“Sure! We’ll buy coffee at the end of the visit!” I said, trying to say anything that would get us inside.

The security guard annoyingly sighed and called someone on his walkie-talkie. Seconds later, the entrance door opened, and he waved us in.  When we stepped inside, the guard immediately pointed his rifle at our camera and told Julia to put it in the backpack. Pictures were not allowed.  He told us that we could buy coffee from the front office and asked us to follow him.  As he was hurriedly escorting us to the front office, we started to suspect that we were not going to tour the facility.

Thirty seconds later, we were at the front office.  I went inside, while Julia remained outside with the security guard.  Inside the building, there were several people doing office work. The guard barked something to the woman who was in charge, and she, without looking up and without stopping her work, greeted me with:

“How many kilograms do you want to buy?”

“Kilograms?”

I looked around and finally realized that this was not a gift shop selling small pouches of coffee to satisfied tourists after a coffee tour but a wholesaler, selling coffee in bulk.

“Yes, kilograms,” she said, clearly irritated.

I could hear Julia nervously whispering outside the door, begging me not to buy a 50-kilogram bag of coffee just to appease this office manager.

“Maybe one pound?” I mumbled meekly.

The woman stopped shuffling the papers, raised her head, and exhaled with visible annoyance. I was obviously wasting her time.

They did have small bags of coffee for sale, although the business model was not built to allow random strangers to barge in to buy a pound of coffee.

While I was selecting a pound of coffee to buy, Julia was not giving up on exploring the premises. But the armed guard stood right next to her preventing any movement.  After I purchased the coffee, the security guard walked us back to the entrance gate.  As he was escorting us out, we looked around, trying to register what the premises looked like.  This was the extent of our tour of J. Hill Coffee Company.  The security guard walked us out and loudly slammed the door closed behind our backs. The visit was over and not what we had hoped for.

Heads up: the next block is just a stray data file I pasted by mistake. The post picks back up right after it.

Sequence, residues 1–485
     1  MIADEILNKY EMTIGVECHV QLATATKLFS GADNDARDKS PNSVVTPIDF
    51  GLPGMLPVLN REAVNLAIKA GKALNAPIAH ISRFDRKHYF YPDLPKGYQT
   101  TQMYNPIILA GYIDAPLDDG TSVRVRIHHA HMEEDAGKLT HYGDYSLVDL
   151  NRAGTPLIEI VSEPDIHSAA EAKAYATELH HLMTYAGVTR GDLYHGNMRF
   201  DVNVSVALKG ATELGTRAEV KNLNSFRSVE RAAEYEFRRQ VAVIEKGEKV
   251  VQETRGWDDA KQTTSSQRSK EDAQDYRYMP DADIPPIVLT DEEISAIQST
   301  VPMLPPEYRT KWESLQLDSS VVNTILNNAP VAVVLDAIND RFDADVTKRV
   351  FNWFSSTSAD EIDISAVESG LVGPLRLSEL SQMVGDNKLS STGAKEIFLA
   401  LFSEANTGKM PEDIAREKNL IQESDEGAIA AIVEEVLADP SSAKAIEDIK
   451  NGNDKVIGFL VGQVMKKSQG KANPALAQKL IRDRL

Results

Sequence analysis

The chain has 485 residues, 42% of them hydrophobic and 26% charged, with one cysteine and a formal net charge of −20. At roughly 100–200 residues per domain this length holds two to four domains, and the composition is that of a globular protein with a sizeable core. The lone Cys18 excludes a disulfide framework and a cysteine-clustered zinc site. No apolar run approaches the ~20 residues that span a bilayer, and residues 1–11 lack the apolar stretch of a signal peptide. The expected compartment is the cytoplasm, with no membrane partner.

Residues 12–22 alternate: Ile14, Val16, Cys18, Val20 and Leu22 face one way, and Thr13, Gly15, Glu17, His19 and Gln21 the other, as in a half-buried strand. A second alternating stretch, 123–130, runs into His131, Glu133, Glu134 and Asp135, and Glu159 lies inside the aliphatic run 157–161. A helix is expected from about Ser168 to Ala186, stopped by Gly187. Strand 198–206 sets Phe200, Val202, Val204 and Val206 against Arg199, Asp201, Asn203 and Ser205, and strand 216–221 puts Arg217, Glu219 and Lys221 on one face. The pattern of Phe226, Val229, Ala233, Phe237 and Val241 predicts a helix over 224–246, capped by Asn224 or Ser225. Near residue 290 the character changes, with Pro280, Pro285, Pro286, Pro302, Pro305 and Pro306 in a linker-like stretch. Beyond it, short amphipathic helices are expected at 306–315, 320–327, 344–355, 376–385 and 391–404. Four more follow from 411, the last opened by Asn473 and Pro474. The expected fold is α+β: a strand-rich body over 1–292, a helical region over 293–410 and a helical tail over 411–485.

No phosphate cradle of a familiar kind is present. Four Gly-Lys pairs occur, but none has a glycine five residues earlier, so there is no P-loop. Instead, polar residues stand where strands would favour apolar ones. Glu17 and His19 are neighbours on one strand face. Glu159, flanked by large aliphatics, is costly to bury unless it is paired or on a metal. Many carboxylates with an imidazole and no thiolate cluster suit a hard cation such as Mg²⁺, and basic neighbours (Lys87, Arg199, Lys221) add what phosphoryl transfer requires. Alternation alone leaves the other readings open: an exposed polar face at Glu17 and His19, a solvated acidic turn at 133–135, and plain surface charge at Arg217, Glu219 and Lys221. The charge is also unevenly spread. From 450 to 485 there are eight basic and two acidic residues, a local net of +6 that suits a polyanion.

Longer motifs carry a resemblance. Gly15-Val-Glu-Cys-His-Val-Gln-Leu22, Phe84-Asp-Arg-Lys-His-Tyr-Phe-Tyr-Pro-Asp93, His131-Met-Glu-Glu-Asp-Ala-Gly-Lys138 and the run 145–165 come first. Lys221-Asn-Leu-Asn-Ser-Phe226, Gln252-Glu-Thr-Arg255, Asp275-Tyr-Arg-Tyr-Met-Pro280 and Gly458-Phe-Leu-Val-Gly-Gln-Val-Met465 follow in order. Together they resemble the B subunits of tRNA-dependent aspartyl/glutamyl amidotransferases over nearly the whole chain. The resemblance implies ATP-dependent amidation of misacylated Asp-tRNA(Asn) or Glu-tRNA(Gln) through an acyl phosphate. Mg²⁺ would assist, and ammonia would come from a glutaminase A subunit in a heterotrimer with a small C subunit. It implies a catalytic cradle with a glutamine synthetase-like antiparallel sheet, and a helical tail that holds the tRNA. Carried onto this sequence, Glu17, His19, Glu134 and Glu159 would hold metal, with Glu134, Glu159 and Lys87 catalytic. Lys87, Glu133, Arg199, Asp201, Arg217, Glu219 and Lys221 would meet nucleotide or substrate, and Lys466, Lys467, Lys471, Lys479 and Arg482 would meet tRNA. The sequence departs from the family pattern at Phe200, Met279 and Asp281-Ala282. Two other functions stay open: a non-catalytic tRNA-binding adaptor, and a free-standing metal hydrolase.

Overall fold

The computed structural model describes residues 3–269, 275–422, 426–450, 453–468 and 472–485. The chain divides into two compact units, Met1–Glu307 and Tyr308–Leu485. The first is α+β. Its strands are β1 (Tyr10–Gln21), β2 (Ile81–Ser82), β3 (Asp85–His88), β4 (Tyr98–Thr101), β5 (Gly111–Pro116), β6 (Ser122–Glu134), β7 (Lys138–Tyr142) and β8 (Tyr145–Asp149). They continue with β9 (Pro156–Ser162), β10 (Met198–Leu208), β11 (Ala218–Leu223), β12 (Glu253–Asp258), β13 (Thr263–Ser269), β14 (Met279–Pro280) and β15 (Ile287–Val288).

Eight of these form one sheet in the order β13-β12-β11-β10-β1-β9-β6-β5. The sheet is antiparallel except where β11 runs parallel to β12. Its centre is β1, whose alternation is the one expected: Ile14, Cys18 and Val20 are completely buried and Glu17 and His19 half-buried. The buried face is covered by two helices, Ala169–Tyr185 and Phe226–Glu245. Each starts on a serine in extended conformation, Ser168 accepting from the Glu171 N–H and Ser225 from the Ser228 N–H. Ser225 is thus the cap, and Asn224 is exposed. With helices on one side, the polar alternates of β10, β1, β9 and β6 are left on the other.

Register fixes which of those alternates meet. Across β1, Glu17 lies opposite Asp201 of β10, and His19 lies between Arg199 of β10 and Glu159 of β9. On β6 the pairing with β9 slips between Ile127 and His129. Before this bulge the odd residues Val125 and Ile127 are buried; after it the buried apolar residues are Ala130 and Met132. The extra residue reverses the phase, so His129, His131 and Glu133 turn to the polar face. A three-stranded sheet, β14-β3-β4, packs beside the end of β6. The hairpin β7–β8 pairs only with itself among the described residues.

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But the feelings after the visit were quite consistent with what I read about this place in the book.  The exhausted workers were still waiting for their transportation and were looking at us with tired indifference. We snapped a couple of pictures next to the closed entrance gate, jumped in the car, and drove off.

The visit left a bitter taste in our mouths. That bitter taste became even more real when we returned home and brewed a cup of coffee using the beans bought at J. Hill. Instead of the promised notes of chocolate and cherries, the coffee was bitter, and we could not even finish a cup.  There was nothing wrong with the beans, and we gave them away to our friends who liked this coffee.  But for us, the taste was probably tainted by our disappointing visit.

In all fairness, it was our fault that the visit went how it went. Had we done any research, we would have learned that there were no organized tours at J. Hill and that by showing up and requesting a tour of the facility that otherwise was closed to visitors, we were simply disrupting the business operations of this coffee company.  So, no hard feelings.

To those who want to visit a coffee estate in El Salvador, we recommend El Carmen near Ataco de la Concepcion on Ruta de Las Flores.  They do organize coffee tours and their guided tours are top-notch!